How much does Napoleon owe to the French Revolution? Without the French Revolution, there would be no Napoleon. Napoleon’s life was forever affected and directed by the revolution in France. His relationship with France was complex, even from the very beginning of his life. Taking a path that began with his ultimate goal of ejecting France from his homeland of Corsica to ruling the nation he had so dearly despised.
Only a year before Napoleon was born, Genoa had been forced to sell Corsica to France. In one of history’s amazing coincidences, this would forever tie Napoleon to France, even going so far as to change his name to a more French sounding name. Had Genoa kept hold of Corsica, Napoleon would have been born an Italian, and the thousands of books since written about him would have ceased to exist. Alas, fate had a role to play, and Napoleon found himself a part of a minor noble family in an island wishing for independence. From a young age Napoleon would wish to be a part of the struggle to regain sovereignty for Corsica. Here is where he would become fascinated with history in an attempt to write a history of his homeland. At that time one could not learn about history without learning about the great empire of Rome. This knowledge of Rome would influence Napoleon’s actions for the rest of his life.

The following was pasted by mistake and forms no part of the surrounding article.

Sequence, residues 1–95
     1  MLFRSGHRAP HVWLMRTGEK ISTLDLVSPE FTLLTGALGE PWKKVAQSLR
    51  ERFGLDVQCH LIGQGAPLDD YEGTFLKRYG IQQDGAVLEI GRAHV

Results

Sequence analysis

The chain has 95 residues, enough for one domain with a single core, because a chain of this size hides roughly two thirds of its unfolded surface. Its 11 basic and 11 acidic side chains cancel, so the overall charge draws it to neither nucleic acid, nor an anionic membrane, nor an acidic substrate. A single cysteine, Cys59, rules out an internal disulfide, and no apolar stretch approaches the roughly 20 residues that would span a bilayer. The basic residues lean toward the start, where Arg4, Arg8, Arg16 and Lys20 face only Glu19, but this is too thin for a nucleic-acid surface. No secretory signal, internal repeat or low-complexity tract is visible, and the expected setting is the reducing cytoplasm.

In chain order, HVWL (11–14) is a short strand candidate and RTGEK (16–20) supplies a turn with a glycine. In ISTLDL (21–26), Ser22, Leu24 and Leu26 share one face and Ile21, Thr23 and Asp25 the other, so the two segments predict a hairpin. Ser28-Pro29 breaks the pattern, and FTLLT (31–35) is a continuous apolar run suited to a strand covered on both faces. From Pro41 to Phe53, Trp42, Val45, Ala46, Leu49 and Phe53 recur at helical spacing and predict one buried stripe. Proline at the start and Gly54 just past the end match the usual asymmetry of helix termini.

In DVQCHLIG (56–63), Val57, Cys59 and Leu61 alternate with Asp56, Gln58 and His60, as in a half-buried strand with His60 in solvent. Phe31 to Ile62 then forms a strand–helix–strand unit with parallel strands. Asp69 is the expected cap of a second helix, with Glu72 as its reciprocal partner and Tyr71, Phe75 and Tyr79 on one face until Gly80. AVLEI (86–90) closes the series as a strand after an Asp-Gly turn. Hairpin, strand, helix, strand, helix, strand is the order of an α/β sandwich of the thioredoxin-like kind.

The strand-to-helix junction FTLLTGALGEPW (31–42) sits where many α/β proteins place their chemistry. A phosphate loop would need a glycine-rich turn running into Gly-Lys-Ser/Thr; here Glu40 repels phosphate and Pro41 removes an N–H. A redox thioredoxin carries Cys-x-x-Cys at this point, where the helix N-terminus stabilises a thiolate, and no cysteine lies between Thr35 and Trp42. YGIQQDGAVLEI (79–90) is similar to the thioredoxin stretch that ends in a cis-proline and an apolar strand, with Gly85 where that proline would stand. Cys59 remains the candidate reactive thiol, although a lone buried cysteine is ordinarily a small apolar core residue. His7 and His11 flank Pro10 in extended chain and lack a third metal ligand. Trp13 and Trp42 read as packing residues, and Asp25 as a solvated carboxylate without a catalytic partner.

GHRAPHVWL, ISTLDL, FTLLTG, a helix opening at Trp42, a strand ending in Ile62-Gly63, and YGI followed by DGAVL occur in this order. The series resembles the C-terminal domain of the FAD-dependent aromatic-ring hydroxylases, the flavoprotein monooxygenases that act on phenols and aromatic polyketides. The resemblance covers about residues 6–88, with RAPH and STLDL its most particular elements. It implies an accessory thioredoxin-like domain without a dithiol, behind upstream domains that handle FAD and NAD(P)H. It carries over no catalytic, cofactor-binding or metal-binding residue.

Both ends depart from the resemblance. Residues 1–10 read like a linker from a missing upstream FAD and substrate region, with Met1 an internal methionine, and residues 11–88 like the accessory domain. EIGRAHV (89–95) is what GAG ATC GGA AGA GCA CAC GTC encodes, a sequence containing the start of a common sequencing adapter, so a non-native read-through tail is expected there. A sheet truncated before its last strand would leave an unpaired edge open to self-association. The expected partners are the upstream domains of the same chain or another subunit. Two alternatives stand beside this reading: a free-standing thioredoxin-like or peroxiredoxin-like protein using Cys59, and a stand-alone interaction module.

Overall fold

Being a part of a small noble family, Napoleon found he was able to attend a school in mainland France. He eventually found himself at Brienne, a school where his Corsican background and lack of French nobility caused him great hardship and stress from other students. This would plant the seeds of hatred for nobility inside Napoleon that would eventually lead him to destroying noble privilege based on birth in his empire.
After completing his education, Napoleon became an officer in the artillery corps. However, his obsession with independence for Corsica would be the cause of him being exiled from his home country after his subversive actions and the falling out with the revolutionary Paoli. Because the revolution had forced most noblemen to flee from France, Napoleon was able to convince the military in Paris to make him a Captain in 1792. Without the French Revolution, and the loss of military officers, Napoleon would not have been able to make this quick advancement. It was because of his skill and rank he found himself in Toulon. His quick thinking and skill with artillery allowed him to route the British and his success gained him the rank of General and made the revolutionary government notice him. After the Directory took control of the French government, Barras needed a competent military commander to put down insurrection. He remembered Napoleon’s exploits in Toulon, and invited him to Paris to preserve the peace. Due to his artillery expertise, Napoleon was able to put down the threat, and became quite famous.
Because of this success, Napoleon was placed in command of the Italian Army, and was instrumental in pacifying...